Published on May 3rd, 2017 | by Kyle Field0
Tesla Semi To Incorporate Tesla Model 3 Motor & High Reusability Of Existing Components
May 3rd, 2017 by Kyle Field
Tesla has opened up the floodgates of information on the Q1 2017 earnings call, with big updates on the Tesla Solar Roof tiles, the Model 3, and even a bit about how the Tesla Semi will make use of the Model 3 motor and other existing components.
To think that the massive beast that the Tesla Semi is sure to be will be powered by the motor from the smallest Tesla to date seems counterintuitive until you dig into the facts behind the statement made by Elon Musk on the earnings call today.
In response to a follow-up question asking about why Tesla pursued what appears to be the more complex project of a semi truck instead of a pickup truck, Elon Musk and JB Straubel noted that nobody would be surprised if Tesla delivered a pickup truck and that it was an obvious, easy-to-do next step in the process. In response to that, they shared that building Tesla Semi was a larger undertaking and that was why they chose it.
They noted seconds later that Tesla Semi only seemed more ambitious on the surface, but that in reality, it made use of so many existing components, it wasn’t actually that difficult to do. Elon specifically noted that the company will use the motor from the Model 3 in the Tesla Semi.
Just because the Model 3 will be small doesn’t mean that it will be slow. Tesla has shared previously that it will be able to get from 0–60 in under 6 seconds, which is rather spritely. The comparably sized and priced Chevy Bolt comes packed with a 200 horsepower motor — given that the base Tesla Model S packs 382 horsepower, 200 horsepower is likely very comparable to what the Model 3 will have under the hood … or rather, between the rear wheels.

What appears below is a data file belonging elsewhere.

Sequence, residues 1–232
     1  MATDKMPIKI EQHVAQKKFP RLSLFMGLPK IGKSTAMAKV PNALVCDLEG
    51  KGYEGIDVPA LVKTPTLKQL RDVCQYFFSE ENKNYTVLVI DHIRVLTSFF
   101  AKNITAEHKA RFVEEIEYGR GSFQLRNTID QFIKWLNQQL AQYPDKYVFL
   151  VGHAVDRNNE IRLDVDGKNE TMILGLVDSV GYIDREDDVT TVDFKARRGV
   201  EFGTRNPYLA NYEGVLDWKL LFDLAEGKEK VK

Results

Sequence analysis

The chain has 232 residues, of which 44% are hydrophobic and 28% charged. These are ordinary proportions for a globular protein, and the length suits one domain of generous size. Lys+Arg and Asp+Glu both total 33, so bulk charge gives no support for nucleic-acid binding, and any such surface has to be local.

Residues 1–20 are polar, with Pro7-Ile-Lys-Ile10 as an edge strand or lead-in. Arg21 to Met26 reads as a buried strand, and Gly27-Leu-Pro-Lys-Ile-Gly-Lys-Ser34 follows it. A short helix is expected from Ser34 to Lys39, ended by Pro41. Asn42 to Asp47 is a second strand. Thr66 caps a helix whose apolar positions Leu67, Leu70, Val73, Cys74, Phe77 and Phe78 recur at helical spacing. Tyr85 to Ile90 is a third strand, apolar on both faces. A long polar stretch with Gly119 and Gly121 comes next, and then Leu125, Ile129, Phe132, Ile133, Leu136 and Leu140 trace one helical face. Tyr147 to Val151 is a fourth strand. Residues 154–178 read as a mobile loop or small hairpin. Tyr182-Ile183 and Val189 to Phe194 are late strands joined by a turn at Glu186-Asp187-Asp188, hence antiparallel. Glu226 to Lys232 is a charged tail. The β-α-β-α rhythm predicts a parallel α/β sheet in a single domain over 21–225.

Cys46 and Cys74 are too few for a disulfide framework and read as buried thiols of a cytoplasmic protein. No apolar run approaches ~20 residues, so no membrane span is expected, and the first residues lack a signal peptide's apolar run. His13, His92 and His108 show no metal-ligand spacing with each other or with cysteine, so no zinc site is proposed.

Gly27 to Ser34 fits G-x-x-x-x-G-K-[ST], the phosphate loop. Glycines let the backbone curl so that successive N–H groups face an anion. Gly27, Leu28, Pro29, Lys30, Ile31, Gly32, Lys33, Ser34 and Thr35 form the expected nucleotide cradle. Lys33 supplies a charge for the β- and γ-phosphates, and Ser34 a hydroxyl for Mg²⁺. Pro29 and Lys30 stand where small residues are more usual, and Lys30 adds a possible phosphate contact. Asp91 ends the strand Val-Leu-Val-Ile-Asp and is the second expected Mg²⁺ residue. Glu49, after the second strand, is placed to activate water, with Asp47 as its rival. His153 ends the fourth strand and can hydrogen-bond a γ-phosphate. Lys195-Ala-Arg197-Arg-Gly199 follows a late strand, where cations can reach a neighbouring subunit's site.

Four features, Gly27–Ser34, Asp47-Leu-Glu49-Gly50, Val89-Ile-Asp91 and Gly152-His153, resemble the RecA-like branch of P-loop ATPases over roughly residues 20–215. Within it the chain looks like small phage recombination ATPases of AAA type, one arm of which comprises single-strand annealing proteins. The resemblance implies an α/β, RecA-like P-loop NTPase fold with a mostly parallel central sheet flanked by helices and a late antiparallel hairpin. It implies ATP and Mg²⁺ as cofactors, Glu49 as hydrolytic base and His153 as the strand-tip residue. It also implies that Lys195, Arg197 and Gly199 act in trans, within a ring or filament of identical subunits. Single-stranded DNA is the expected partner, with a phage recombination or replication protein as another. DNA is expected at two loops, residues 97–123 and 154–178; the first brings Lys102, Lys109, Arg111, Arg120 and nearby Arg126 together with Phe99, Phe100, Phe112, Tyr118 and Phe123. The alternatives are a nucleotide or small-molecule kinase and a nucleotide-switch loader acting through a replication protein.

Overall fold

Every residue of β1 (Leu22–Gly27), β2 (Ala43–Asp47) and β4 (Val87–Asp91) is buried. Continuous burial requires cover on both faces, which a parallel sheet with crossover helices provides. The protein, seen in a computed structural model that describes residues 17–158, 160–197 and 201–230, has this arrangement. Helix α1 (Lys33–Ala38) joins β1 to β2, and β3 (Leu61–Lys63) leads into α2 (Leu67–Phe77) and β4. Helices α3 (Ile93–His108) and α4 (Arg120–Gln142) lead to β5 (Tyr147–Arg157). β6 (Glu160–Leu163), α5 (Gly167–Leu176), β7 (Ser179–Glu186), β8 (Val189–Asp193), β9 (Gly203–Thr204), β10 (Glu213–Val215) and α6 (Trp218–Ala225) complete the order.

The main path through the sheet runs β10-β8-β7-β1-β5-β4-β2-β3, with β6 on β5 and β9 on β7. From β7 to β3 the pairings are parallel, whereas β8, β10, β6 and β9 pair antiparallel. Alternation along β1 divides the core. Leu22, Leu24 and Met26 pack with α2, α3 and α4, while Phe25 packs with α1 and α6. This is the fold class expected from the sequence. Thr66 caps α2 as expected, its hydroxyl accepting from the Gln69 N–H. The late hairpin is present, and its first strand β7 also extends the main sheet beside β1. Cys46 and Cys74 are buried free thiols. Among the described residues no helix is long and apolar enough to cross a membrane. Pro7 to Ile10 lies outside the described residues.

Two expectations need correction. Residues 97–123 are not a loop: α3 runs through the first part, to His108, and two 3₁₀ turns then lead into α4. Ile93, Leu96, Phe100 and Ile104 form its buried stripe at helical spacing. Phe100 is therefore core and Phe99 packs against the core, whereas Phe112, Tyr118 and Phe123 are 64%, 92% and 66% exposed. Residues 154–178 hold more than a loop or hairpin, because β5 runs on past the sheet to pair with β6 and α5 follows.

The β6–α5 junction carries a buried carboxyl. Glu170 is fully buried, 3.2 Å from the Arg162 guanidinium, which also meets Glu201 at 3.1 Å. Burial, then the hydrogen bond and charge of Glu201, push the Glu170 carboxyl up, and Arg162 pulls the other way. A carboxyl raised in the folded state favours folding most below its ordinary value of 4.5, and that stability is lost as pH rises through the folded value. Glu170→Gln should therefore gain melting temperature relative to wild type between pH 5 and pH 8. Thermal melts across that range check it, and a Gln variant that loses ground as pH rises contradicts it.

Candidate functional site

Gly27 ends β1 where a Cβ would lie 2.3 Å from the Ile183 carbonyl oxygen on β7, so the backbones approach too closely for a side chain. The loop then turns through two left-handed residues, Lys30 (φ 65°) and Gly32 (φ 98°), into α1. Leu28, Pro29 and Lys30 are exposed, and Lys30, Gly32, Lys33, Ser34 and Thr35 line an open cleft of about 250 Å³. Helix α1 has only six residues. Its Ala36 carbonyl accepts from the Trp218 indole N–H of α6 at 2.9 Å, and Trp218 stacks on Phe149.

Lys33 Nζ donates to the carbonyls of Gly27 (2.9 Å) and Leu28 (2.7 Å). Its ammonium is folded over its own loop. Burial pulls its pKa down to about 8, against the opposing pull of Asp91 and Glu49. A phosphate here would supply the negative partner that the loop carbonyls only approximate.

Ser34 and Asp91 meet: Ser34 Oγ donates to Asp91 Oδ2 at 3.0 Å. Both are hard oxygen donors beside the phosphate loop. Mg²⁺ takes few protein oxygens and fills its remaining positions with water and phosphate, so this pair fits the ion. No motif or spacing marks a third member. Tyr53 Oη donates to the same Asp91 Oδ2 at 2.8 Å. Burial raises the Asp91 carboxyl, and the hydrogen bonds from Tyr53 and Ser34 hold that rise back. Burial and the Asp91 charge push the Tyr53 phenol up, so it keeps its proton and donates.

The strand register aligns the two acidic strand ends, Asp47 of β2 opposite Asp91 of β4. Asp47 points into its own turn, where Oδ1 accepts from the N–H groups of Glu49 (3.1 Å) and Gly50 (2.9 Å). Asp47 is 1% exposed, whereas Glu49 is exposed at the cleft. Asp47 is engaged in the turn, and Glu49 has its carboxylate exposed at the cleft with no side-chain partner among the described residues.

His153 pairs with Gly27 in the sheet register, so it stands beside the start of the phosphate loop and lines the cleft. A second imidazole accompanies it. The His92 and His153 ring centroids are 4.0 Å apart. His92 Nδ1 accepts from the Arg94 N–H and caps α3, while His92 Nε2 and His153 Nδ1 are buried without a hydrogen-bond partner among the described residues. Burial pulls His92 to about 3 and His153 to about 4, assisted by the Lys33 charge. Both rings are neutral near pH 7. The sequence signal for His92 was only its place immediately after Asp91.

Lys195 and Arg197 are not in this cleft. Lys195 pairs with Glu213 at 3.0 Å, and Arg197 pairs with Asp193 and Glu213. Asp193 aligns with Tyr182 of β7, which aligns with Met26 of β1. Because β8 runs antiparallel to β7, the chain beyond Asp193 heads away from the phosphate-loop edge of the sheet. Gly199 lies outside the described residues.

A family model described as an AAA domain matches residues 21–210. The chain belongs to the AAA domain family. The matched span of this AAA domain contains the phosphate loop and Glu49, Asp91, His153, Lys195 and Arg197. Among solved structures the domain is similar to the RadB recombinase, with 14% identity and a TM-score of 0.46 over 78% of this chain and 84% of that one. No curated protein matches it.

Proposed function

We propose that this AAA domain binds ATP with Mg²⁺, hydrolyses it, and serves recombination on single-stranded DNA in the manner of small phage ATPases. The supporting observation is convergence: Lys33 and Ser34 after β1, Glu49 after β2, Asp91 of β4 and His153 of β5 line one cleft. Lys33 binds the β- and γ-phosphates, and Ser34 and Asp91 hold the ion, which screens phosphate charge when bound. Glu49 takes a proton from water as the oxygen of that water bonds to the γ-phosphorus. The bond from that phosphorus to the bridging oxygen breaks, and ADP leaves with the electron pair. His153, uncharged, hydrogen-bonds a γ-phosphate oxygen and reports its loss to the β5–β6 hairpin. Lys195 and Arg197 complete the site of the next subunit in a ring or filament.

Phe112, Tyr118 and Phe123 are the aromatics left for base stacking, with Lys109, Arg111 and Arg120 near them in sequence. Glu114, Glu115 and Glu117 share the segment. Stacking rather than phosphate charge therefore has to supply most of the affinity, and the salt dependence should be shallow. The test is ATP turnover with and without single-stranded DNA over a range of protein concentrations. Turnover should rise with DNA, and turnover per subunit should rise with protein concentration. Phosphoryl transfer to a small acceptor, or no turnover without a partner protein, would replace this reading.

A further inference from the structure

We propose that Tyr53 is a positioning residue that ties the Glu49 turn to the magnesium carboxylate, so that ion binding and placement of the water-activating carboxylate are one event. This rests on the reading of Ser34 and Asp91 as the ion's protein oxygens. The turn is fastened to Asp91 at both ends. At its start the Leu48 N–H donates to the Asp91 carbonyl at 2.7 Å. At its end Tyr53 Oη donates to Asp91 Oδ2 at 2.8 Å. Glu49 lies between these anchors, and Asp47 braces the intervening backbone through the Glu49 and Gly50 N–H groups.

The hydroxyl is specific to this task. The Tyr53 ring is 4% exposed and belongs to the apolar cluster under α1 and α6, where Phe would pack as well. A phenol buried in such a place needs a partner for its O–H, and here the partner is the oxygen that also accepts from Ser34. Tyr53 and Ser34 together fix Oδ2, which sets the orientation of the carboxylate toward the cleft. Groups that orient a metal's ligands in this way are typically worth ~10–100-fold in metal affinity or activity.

Scaling this to 2, 4, or 6 motors — depending on whether Tesla goes with a front and rear configuration, 4 in-wheel motors, or 6 in-wheel motors — it is clear that the motor itself does not determine or limit the power of the vehicle. The configuration options with an in-wheel motor are not only limited by the power of the motor itself, but more so by the number of motors used. Using 6 x 250 horsepower motors would result in a 1,500 horsepower Semi with plenty of torque to pull loads off the line and up steep grades.
The Nikola One Semi Truck that was unveiled in December 2016 packs 1,000 horsepower and comes with 2,000 foot-pounds of torque. This combination allows it to accomplish everything a conventional diesel semi does today and then some. The Nikola One has electric motors but sources its power from lossy, inefficient hydrogen fuel cells, so it is not a straight one-for-one comparison, but it does validate the options and design flexibility that comes with an electric drivetrain in a semi truck at a 30,000 foot level.
The official unveiling of the Tesla Semi is expected to happen in September of this year, with the Tesla pickup truck being revealed shortly thereafter sometime in 2018.